The no lifting option of second extruder and missing auto leveling of it is more of a worry for a printer in this price range....

How does it reach a 10um layer resolution in Z direction is a question to me?

Regarding pricing of UM3 there is no discount indeed, but if the printer is actually delivering as promised that is fine.

but a lot of tweaking seems to be done to get good looking parts on the expense of dimensional accuracy. 

 

 

 

 

 

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1 hour ago, alex jaspers said:

....... a lot of tweaking seems to be done to get good looking parts on the expense of dimensional accuracy. 

 

 

 

 

 

This is an issue with Prosumer level 3D printers of all kinds. The thing about the UM3 family, is that I remember when a printer of this calibre was starting in the $20,000 USD range. And, each machine must be learned as they are all different to some degree or another. So, the accuracy is an issue enough that even great printers (Fine detail laser resin models, etc.) have articles about the 'slop factor' and how to plan for dimensional shifts.

 

The UM2 series does have a lot of mods available and can do dual prints. I am just not sure how that works.

 

Back in the day, when companies we did work for were all using Heidelberg printing presses (very, very good printers that run in the millions), we would have to 'fingerprint' a company's press so that we could get color accuracy. And, even then, with all that, things did drift off a bit and required skilled printing people to keep things on track and consistent from beginning to end of a press run.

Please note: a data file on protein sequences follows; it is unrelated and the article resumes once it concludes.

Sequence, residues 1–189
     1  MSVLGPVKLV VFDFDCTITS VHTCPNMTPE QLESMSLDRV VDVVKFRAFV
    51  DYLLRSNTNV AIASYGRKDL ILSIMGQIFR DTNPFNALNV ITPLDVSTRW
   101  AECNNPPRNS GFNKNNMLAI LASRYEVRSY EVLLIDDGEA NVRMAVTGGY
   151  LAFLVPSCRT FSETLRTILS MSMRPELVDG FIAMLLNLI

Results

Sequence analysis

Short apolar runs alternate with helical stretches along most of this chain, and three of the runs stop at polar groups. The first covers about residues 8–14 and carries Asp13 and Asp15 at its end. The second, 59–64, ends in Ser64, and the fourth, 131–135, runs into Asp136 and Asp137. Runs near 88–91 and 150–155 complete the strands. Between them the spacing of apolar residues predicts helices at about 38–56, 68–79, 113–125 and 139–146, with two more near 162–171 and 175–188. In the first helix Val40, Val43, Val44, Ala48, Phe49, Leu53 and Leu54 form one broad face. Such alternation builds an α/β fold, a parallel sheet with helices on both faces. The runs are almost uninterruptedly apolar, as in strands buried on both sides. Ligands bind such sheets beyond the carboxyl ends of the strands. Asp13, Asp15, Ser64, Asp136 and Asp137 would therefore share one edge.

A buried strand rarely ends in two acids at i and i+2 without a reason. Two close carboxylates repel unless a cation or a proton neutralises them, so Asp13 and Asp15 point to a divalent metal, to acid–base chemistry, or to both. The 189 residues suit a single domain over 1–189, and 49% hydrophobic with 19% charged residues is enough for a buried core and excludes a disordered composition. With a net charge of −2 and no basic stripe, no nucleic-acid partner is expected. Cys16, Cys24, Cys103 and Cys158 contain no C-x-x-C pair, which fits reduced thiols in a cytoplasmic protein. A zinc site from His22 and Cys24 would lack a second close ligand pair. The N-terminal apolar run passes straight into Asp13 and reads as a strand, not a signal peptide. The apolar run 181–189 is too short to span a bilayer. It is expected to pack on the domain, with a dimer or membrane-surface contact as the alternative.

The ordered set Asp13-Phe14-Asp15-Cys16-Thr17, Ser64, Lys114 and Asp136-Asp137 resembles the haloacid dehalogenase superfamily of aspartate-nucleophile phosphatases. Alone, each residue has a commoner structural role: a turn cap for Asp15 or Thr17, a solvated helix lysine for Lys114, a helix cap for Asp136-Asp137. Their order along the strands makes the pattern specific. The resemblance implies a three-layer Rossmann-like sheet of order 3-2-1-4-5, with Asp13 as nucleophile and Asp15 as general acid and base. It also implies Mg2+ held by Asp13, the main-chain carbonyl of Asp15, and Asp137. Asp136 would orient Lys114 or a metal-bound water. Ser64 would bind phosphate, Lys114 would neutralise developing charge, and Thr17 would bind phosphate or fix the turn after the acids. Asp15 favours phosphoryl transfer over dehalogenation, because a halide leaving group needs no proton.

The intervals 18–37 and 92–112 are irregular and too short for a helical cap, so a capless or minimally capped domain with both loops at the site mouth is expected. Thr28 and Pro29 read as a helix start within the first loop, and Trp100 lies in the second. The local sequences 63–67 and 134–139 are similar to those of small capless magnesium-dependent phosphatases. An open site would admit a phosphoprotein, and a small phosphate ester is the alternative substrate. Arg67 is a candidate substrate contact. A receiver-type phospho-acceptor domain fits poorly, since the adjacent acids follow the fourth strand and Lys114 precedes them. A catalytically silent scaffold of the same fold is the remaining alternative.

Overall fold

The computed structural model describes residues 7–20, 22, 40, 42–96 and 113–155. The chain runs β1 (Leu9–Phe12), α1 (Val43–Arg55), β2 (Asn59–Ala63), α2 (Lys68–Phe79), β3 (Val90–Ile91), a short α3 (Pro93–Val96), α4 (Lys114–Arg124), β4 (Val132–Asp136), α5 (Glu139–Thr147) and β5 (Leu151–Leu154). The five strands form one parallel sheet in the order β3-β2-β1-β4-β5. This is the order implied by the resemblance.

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I was trying to find a cheaper option of dual extruder, but do not want to compromise reliability & print quality. I studied every possible options (I think), returned back to UM3. There are many China products, they would say they are the best for example if you search youtube saying best 3D printer CR-10 will come up by many revisers. But I came to conclusion they are not comparing these printers to industrial professional quality printers. They are comparing them to budget printers, and I surpass these kind of (swearing) printers :).  

 

I have UM2+ & Zortrax M200, but seems I became addicted to 3D printers and now I want UM3, even though after buying UM2+, Zortrax collecting dust, but still do not have the nerve to sell it as Zortrax is the master of ABS, unfortunately I tried ABS with UM2+ & disappointed (do not sick and print was so brittle when contacted UM support they did not had a clue, so stick to PLA as I have Zortrax for ABS (Zortrax do not need enclosed cover to print ABS successfully from experience). Not to mention Zortrax Inventure is disappointing if comparing it to UM3 if the one want to consider it as dual extruder.